During the quarter, valuations continued to be produced with MU clauses attached. These showed that the best performing property segments included Industrial, Offices and Retail Warehouses which experienced low-single-digit percentage declines in value. The worst performing areas included non-Food Retail, Car Showrooms, Hotels and Leisure which experienced high-single or even double-digit percentage declines. Clearly this dichotomy in performance reflects whether businesses were able to remain open or subject to a complete lockdown. The pattern on rent collection was similar with, for example, many non-food retailers unable or unwilling to pay rents while their businesses could not trade.
Precious metals continued to perform well. In dollar terms, the gold price gained 11% while the silver price rose by nearly 29%. In the first quarter, gold’s strong performance had been attributed by analysts to the metal’s traditional status as a safe-haven store of value. In this quarter, gold’s continued attraction for investors was credited to the unprecedented injection of liquidity into the financial system by central banks and the inflationary pressures that might be unleashed. In Platinum Group Metals (PGMs), there was a reversal from the previous quarter, with the platinum price rising by 11% while the palladium price fell by 17%. The latter largely reflected the completion of stockpiling ahead of the introduction of new emissions regulations in several countries.
There was a sharp recovery in energy prices in the quarter. For example, the Brent Crude oil price rose by 58% to just under $42. This followed the agreement reached, in April, between Saudi Arabia and Russia to end their price war and cut production. Under the terms of the deal, OPEC said it would cut oil production by 9.7m barrels per day, equivalent to almost 10 per cent of global supply, in an effort to stabilise global crude markets. In the industrial metals space, the iron ore price rose by around 17% while the copper price gained 26%. The latter is often seen as a bellwether for the global economy given its wide range of usage across many industries.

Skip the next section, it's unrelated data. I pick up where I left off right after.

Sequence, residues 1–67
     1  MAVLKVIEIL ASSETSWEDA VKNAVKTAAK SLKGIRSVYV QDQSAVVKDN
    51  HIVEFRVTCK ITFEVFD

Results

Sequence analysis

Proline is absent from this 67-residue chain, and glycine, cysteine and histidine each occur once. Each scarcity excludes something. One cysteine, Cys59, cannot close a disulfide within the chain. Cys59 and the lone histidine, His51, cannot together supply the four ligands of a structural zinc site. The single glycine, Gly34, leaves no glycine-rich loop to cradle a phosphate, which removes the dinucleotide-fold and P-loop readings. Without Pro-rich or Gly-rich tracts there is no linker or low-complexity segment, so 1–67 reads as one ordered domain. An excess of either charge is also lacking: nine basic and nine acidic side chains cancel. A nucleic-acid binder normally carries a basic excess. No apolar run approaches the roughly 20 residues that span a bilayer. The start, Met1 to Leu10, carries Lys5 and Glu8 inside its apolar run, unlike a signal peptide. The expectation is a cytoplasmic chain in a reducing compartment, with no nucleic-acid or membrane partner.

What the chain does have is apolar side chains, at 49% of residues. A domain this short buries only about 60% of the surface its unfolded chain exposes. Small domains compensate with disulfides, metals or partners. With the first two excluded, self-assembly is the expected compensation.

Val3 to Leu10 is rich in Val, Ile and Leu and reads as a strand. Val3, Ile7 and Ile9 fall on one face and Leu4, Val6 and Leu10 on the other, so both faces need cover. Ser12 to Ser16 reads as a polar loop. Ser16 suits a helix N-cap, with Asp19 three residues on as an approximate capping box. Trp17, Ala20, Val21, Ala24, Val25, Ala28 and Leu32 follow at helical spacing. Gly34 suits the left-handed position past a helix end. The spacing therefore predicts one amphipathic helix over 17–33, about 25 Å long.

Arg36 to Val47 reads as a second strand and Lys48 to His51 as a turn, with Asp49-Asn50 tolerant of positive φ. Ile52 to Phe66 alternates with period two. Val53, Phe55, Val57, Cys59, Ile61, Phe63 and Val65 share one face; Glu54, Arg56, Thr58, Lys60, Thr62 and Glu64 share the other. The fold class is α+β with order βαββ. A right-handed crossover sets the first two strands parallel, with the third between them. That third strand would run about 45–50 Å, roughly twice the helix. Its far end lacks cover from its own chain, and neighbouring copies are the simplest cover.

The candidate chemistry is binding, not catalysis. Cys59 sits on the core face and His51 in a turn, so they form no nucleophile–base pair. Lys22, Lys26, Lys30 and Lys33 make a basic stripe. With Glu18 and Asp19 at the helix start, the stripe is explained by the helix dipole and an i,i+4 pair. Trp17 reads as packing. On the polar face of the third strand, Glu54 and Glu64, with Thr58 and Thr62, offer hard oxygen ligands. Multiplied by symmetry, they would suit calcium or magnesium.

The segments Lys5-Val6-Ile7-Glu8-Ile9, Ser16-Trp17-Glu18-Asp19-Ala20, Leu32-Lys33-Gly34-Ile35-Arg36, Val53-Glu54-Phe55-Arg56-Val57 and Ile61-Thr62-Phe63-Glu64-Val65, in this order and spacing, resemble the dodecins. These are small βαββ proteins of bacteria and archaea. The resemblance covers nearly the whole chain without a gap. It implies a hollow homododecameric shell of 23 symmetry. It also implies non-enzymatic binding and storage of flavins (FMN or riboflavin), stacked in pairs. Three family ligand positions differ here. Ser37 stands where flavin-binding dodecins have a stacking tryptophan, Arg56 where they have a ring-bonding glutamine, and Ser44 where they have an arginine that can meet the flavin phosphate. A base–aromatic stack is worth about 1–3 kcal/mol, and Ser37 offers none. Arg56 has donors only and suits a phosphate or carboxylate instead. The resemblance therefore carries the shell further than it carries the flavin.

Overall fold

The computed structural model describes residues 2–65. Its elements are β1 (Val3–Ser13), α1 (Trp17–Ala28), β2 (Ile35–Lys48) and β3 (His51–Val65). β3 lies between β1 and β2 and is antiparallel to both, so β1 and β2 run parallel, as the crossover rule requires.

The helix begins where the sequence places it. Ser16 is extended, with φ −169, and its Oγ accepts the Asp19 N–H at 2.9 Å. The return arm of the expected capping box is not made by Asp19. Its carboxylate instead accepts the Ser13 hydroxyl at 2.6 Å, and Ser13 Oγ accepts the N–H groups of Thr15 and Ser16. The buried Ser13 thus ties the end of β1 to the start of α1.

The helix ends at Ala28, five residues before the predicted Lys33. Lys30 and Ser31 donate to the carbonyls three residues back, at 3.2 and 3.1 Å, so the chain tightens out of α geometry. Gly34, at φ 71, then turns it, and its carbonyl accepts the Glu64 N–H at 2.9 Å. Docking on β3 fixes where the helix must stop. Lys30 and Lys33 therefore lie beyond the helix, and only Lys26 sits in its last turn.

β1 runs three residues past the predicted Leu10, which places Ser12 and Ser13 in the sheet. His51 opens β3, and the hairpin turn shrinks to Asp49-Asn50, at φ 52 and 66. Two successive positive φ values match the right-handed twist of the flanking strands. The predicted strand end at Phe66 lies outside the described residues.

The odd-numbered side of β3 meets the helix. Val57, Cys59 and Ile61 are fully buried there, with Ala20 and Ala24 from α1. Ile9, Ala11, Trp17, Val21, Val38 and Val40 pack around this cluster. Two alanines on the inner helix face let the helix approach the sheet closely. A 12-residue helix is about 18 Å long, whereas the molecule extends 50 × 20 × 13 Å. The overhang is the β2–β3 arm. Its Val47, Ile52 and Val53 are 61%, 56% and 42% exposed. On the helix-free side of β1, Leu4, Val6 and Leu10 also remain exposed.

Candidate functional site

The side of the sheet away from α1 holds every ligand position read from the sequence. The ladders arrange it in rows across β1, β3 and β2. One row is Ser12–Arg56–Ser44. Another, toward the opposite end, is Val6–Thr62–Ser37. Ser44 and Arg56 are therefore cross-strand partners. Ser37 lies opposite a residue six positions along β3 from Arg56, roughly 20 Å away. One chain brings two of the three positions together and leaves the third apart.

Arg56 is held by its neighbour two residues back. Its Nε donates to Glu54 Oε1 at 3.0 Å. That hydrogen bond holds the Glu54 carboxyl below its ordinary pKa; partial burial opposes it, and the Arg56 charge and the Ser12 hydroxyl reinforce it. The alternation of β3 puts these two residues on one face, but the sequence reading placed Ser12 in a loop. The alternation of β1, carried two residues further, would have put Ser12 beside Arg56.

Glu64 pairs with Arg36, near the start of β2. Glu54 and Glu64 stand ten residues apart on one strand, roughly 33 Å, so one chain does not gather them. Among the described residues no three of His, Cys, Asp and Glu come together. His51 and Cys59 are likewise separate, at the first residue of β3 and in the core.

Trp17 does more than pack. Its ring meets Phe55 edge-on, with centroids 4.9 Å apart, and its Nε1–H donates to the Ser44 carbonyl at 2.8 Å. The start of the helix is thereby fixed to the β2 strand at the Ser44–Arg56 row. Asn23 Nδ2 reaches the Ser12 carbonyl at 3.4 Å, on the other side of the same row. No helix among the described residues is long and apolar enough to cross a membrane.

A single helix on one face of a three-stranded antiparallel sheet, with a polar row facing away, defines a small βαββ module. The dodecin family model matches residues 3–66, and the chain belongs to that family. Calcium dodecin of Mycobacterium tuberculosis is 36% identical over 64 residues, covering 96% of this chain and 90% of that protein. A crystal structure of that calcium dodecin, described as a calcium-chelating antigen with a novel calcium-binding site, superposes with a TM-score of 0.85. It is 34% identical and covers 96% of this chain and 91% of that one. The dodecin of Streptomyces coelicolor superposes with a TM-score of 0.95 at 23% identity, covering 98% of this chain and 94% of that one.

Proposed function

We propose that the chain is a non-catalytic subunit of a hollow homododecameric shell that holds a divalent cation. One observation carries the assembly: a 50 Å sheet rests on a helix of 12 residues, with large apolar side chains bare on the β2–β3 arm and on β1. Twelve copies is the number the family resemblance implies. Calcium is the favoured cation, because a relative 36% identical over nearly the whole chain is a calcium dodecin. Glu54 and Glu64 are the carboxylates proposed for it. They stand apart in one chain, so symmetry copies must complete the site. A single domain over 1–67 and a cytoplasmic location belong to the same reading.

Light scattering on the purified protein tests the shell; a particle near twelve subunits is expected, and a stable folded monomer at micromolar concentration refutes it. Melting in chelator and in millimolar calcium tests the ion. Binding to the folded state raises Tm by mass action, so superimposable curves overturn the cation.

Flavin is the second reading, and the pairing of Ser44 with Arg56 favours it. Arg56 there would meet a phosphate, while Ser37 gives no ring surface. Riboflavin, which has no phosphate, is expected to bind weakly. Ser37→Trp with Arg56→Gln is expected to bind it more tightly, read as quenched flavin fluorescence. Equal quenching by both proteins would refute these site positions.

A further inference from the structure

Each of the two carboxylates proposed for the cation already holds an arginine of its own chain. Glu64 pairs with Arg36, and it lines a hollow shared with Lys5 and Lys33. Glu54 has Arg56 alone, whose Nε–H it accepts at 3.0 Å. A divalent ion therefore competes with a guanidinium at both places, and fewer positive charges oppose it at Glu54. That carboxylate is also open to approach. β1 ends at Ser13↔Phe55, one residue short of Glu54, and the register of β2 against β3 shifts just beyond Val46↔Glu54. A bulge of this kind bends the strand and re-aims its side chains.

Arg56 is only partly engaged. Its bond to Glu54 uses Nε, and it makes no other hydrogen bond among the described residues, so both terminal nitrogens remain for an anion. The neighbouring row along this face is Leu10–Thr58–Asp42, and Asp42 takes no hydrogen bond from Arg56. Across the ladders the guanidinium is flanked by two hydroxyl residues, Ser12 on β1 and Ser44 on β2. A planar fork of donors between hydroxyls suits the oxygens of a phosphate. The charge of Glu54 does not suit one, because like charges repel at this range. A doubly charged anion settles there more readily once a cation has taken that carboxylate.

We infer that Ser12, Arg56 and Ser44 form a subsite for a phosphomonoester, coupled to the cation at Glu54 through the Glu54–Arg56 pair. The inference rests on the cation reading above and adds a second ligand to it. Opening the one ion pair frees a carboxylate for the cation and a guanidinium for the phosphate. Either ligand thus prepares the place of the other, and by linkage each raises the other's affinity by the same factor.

With many bond yields at all-time lows, the opportunity cost of holding cash relative to bonds remained modest. In the short-term, cash deposits insulate investors from the price volatility seen in other asset markets. However, in the long-term, the real value of cash deposits is likely to continue to be eroded by inflation. We currently only hold cash for short-term tactical reasons or within lower risk strategies, where the risk profile dictates a need for a larger cash allocation.
Whitechurch Investment Team,
Quarterly Review, Q2 2020
(Issued July 2020)
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Source: Financial Express Analytics. Performance figures are calculated from 01/01/2020 to 31/03/2020 net of
fees in sterling. Unit Trust prices are calculated on a bid-to-bid basis OEICs, Investment Trust and Share prices
are calculated on a mid to mid basis, with net income reinvested. The value of investments and any income will
fluctuate and investors may not get back the full amount invested. Currency exchange rates may affect the value